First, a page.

The Wallace Book

Front Cover
Edward J. Cowan
John Donald, 2007 - Heroes - 240 pages
Through his personality, ingenuity and ability, he initiated a resistance movement which ultimately secured the nation's freedom and independence. Yet, Wallace was reviled, opposed and eventually betrayed by the nobility in his own day to re-surface in the epic poetry of the fifteenth century as a champion and liberator. Eventually, his legend overtook the historical reality, a process which has continued for centuries as manifested in modern media and film. A team of leading historians and critics from both Scotland and England investigate what is known of the medieval warrior's career from contemporary sources, most of which, unusually for a national hero, were created by his enemies. His reputation, from the time of his horrendous execution to the present, is examined to ascertain what the figure of Wallace meant to different generations of Scots. Too dangerous perhaps for his own era, he became the supreme Scottish hero of all time; the archetypal Scot who would teach kings and nobles where their duty lay, and who would live free or freely die for the liberty of his nation.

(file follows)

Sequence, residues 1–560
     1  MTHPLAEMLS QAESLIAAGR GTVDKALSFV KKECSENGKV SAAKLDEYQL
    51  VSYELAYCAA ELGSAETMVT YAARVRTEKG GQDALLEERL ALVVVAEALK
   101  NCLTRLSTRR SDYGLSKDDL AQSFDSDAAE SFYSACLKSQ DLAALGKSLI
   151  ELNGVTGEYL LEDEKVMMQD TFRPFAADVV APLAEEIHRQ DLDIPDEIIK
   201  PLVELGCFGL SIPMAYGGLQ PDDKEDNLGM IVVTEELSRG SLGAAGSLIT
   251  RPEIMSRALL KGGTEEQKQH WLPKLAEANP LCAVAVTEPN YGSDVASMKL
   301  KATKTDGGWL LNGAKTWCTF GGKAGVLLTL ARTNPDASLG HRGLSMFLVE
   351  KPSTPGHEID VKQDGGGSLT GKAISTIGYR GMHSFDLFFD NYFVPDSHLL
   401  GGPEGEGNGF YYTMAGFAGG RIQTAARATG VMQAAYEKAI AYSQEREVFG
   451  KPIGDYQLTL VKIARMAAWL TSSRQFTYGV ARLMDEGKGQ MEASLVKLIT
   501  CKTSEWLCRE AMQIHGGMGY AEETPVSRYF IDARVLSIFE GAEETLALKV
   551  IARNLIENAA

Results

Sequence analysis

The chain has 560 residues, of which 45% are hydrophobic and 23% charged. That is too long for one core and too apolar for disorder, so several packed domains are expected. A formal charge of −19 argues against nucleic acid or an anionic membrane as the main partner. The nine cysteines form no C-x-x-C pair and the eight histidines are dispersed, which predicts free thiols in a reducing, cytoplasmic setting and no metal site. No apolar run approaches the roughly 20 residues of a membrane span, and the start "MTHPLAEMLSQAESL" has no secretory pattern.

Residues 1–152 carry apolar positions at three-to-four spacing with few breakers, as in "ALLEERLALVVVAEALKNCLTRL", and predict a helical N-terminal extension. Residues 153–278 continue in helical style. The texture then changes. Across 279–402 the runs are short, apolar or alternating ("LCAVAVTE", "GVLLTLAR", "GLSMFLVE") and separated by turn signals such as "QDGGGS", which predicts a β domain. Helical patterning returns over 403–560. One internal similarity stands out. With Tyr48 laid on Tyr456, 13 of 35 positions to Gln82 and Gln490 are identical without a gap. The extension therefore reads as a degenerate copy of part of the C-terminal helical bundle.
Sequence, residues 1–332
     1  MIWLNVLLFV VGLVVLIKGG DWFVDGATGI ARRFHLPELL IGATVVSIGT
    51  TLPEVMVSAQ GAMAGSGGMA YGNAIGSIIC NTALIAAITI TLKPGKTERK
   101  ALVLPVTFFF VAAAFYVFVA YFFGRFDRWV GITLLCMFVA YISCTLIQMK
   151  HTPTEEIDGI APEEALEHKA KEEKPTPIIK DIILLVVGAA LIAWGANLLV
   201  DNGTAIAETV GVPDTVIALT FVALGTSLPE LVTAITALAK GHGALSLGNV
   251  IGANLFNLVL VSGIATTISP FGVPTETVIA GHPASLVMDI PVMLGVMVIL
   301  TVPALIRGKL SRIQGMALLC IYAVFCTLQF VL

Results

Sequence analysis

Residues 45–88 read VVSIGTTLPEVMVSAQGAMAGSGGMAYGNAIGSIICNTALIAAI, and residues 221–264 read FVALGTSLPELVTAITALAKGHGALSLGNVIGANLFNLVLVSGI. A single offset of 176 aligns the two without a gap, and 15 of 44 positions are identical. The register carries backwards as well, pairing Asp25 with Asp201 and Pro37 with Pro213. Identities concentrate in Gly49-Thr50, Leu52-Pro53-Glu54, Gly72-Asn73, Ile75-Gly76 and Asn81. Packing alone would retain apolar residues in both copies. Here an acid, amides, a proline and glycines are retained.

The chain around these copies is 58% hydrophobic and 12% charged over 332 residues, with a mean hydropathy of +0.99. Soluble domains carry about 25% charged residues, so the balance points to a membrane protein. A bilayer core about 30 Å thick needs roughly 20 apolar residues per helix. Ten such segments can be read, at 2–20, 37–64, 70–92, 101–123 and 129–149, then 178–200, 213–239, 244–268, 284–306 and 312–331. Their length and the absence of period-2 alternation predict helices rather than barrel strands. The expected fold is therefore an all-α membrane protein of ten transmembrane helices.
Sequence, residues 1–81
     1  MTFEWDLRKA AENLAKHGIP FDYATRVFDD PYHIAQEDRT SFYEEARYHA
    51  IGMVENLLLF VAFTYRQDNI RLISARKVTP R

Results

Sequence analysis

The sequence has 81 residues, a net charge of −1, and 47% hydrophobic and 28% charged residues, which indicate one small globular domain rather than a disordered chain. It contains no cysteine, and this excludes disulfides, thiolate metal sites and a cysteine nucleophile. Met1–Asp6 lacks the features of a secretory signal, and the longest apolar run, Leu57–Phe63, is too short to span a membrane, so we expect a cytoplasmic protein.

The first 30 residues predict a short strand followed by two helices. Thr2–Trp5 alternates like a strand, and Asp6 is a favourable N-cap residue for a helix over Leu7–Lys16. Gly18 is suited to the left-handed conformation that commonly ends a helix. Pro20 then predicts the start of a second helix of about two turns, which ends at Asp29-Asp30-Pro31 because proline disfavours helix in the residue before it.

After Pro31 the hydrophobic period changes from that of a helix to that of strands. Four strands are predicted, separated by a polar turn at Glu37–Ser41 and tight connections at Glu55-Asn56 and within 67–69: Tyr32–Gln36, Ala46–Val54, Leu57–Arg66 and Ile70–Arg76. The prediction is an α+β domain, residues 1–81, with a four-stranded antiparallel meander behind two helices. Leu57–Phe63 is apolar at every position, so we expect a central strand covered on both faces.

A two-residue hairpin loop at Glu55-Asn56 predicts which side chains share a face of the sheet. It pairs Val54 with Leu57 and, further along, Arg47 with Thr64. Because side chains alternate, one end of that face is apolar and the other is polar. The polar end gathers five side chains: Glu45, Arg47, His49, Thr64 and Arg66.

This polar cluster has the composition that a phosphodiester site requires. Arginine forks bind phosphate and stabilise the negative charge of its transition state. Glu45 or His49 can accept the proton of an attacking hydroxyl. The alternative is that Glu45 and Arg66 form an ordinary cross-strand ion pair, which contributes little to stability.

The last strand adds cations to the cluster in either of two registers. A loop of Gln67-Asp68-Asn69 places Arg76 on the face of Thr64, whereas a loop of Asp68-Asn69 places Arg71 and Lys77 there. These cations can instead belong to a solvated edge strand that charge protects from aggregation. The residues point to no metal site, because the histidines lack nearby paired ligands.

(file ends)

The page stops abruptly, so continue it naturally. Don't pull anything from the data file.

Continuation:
From inside the book

What people are saying - Write a review

We haven't found any reviews in the usual places.


Contributors biographies
What We Do and Dont Know
The Documents

11 other sections not shown

Other editions - View all

Common terms and phrases

About the author (2007)

Edward J. Cowan is Professor of Scottish History at Glasgow University and Director of Glasgow University's Crichton Campus in Dumfries. Is has also worked at the University of Edinburgh and the University of Guelph, Ontario, where he was Professor of History and Chair of Scottish Studies. His books include For Freedom Alone: The Declaration of Arborath 1320 (Tuckwell, 2003), and Scottish Fairy Belief: A History (Tuckwell, 2001).

Bibliographic information